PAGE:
Invensys sells Baan for $135 million

The technology company sells Baan for $135 million in cash to a group that plans to integrate the software maker's products with other business-management applications.

Invensys on Tuesday said it has sold Baan, the financially troubled software maker, for $135 million to a group of investors.

The investment group, consisting of Cerberus Capital Management and General Atlantic Partners, said it plans to combine Baan over the next few months with SSA Global Technologies, an enterprise software company focusing on the manufacturing industry that the two buyers already own.

Invensys announced its decision to sell Baan in April as part of its strategy to spur growth and reduce debt. The company acquired Baan for $708 million in 2000.

Baan's software is designed to automate corporate accounting, sales, manufacturing and human resources operations. The company competes with SAP, PeopleSoft, Oracle and other companies in the market for business-management applications. More than 6,500 companies use Baan's software to run their businesses, the company says. They include Volvo, Solectron, Boeing and British Aerospace, according to Baan's Web site.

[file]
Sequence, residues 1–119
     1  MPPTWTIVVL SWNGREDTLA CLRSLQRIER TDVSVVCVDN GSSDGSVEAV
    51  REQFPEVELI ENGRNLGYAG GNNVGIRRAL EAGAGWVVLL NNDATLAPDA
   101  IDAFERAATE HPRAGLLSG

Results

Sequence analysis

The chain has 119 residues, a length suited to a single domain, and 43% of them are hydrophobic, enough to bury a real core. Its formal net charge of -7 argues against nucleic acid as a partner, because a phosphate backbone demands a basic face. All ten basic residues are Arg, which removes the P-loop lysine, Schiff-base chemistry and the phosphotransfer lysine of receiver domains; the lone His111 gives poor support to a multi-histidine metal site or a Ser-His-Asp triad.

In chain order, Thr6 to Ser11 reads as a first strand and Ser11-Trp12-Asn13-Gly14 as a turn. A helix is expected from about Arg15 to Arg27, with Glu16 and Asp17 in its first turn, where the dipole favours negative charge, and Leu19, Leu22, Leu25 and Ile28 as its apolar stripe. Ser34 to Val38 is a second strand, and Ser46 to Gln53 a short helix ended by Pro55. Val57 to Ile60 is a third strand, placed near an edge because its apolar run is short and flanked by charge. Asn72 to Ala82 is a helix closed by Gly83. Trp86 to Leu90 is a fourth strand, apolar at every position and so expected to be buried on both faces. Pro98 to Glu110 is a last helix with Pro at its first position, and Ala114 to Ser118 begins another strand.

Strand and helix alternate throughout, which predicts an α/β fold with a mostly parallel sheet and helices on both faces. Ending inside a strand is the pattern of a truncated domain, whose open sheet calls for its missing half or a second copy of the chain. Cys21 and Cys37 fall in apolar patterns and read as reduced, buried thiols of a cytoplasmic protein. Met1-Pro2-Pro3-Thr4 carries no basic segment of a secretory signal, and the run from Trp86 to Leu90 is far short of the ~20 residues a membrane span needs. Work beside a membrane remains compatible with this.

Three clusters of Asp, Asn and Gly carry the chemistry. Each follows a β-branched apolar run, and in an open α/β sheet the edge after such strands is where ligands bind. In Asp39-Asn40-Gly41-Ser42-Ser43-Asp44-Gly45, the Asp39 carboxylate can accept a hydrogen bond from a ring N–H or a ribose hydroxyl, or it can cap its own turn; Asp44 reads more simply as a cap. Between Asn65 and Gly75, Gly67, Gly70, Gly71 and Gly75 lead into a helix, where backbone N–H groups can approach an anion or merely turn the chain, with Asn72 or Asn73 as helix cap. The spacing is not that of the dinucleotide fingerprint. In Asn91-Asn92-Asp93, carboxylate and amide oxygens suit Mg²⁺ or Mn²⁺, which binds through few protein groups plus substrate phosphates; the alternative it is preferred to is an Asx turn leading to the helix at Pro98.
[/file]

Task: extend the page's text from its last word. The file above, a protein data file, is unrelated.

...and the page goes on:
Baan executives say that, although the combined Baan and SSA will have much overlap, the two companies' complementary strengths will serve them well as the enterprise resource planning (ERP) market consolidates over the next few years.

That consolidation has already begun, according to some analysts. On Monday, Peoplesoft acquired manufacturing software specialist J.D. Edwards in a deal worth $1.7 billion, creating a business software powerhouse with more than 11,000 customers.

Baan executives said the marriage with SSA will create a single, stronger company that's focused on manufacturing software sales. "The two companies...are very focused on the manufacturing industry--at the same time, they are very complementary," said Laurens van der Tang, Baan's president, in a conference call. Combined, the companies "will be able to make each other much stronger in the market."

Van der Tang noted that SSA's core strength is in the North America manufacturing industry, while Baan's strength lies in European manufacturing. He added that, as customers outgrow SSA's software, they can move to Baan's next-generation ERP software, code-named Gemini, which he says will reach the market later this year.

The investment group said that the combined companies will have nearly $600 million in combined revenue and more than 16,000 customers in manufacturing.

Just how integrated the companies will become remains unclear. Van der Tang said that Baan will operate globally as the Baan division of the combined entity, with dedicated sales, marketing, development, consulting and support. The two companies will, however, share office space and human resources.

General Atlantic Partners, which manages more than $5 billion in investments, is a former Baan investor. Cerberus manages about $9 billion in investments.

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